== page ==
One Sunday a group of us were invited to visit Tu’s family in Co Loa, a small village about 20km from Hanoi and the site of one of the earliest archeological sites in Vietnam. We met at the bus station and had bowls of pho to start the day. Note the short chairs, standard in local street restaurants.
It was great getting out of the city. The bus filled up as we left the city but then emptied as we got closer to Co Loa. That’s the conductor, who somehow keeps track of who needs a ticket, sitting in front of a tired looking young lady.
We were met by Tu and his niece and taken to visit several temples before lunch.
I was waved into the above temple by an elderly gentleman at the door. When I came out the others were talking with a group of engineering students from Hanoi. There ensued a group portrait…
The others had just finished viewing the Headless Princess, so I took a quick peek before we headed off to the next stop…
On the walk over we passed this interesting looking art gallery. Co Loa is a small town and it was very pleasant to be able to freely walk down the streets without worrying about being run over. And it was also very quiet – no ‘beep, beep, honk, honk’. And it was sunny! (No pollution).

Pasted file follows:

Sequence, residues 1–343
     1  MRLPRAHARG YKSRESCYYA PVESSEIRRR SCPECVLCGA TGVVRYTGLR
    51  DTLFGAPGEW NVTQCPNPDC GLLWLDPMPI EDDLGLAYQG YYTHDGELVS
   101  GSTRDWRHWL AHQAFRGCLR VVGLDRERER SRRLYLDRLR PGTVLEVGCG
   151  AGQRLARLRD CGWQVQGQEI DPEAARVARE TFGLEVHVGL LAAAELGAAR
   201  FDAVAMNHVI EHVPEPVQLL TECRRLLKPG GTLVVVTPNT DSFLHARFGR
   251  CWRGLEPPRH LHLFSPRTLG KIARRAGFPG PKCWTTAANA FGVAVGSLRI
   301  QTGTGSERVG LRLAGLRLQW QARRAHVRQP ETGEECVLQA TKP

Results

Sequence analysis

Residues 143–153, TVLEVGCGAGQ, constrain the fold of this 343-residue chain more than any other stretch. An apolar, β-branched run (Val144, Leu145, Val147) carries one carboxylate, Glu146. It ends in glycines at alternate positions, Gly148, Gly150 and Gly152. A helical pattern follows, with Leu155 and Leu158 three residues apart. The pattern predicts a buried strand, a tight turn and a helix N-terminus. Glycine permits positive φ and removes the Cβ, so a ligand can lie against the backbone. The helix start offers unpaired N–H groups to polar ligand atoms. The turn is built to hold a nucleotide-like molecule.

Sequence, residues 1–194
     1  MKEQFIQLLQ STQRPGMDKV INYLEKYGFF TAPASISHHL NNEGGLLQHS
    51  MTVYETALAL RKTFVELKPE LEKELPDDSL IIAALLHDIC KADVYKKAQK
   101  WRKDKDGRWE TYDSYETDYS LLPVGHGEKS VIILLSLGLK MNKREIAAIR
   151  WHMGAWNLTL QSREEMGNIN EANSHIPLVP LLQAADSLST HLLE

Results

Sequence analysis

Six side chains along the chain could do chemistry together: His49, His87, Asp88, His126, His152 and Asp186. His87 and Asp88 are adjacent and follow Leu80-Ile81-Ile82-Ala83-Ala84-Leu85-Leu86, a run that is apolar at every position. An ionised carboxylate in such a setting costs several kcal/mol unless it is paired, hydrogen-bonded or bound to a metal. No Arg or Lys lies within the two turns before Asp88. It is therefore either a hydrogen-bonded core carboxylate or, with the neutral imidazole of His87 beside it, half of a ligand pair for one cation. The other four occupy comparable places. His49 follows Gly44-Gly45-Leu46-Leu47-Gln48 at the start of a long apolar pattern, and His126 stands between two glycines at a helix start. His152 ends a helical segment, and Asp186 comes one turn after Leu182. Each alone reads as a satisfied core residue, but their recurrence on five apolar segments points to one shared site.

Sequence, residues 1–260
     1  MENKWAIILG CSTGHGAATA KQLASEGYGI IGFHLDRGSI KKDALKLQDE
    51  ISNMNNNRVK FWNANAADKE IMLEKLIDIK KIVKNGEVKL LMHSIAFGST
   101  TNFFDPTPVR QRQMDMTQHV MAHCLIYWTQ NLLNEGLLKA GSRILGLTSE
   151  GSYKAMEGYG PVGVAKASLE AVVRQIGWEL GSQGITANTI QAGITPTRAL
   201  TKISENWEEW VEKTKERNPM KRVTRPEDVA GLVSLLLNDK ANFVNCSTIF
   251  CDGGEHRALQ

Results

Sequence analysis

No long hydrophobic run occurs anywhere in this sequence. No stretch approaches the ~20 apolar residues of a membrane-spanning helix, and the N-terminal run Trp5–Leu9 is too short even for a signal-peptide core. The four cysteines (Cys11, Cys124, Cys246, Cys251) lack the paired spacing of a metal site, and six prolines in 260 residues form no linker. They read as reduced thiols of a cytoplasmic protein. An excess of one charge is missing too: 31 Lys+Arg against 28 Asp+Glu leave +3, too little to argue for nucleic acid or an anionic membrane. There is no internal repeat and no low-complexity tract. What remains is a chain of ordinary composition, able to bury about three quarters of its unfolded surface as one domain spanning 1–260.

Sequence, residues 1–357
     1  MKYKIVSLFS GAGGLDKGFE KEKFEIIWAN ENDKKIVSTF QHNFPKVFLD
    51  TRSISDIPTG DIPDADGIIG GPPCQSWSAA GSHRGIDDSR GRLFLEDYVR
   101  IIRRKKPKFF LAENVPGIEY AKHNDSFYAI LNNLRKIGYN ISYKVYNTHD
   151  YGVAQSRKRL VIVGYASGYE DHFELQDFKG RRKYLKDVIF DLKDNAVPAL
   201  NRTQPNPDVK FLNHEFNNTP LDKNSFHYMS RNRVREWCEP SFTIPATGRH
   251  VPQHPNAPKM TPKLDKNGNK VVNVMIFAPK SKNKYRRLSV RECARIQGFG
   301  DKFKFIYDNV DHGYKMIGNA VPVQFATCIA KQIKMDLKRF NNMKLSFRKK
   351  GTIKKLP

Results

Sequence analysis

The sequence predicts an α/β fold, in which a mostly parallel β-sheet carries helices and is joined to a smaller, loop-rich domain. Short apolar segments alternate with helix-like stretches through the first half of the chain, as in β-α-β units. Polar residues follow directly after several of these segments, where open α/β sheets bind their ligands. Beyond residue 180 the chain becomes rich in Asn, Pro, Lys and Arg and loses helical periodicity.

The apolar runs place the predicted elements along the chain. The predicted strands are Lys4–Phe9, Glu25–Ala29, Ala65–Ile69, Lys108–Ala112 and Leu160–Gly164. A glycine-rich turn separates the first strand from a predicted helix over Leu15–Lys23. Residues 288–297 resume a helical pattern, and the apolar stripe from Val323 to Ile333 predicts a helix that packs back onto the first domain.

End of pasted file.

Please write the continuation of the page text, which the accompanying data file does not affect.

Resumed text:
Once again we met some new friends who wanted to pose with Sue.
The temple complex was a bit larger at this site, with imposing gates and more buildings.
Apparently ‘pagoda’ refers to a Buddhist place of worship whereas ‘temple’ refers to places of worship for other religions or belief systems (e.g.Confucianism). But enough semantics… it’s time to go to lunch with Tu’s family….
Above is how it looked when we began: not too messy. And below is in the heat of the nosh…
There was so much food we came no where near finishing it all. Above is Tu with his niece and his sister to his right and Peter to his left. And a bunch of chopsticks reaching from all directions. There was a lot of meat served so we did try a variety of things we’d never before sampled. Well… mostly Sue did… I didn’t try the congealed blood, but I did try the intestines… and some chicken. Fortunately no dog or cat meat was served. That we would have had trouble with.
Tu has been living back at home as his father has cancer and recently stopped his treatments as the family realized that his end is near. He was quite cheerful and welcomed us into his family home. He displayed how his hair has grown back and how much more limber he is than any of us Westerners by sitting on the floor, neatly folding his legs, for lunch. That’s Peter to the left, Tu’s father in the middle and Tu’s brother on the right.
(Peter has a good excuse for his pose: he’s off for knee surgery in Bangkok as I write this).
After tea and sweets we walked back to the road to catch our bus home. Of course I had to photograph the bovine spendour outstanding in her field.
Many thanks to Tu for inviting us into his home, sharing an amazing meal and showing us a glimpse of small town Vietnam.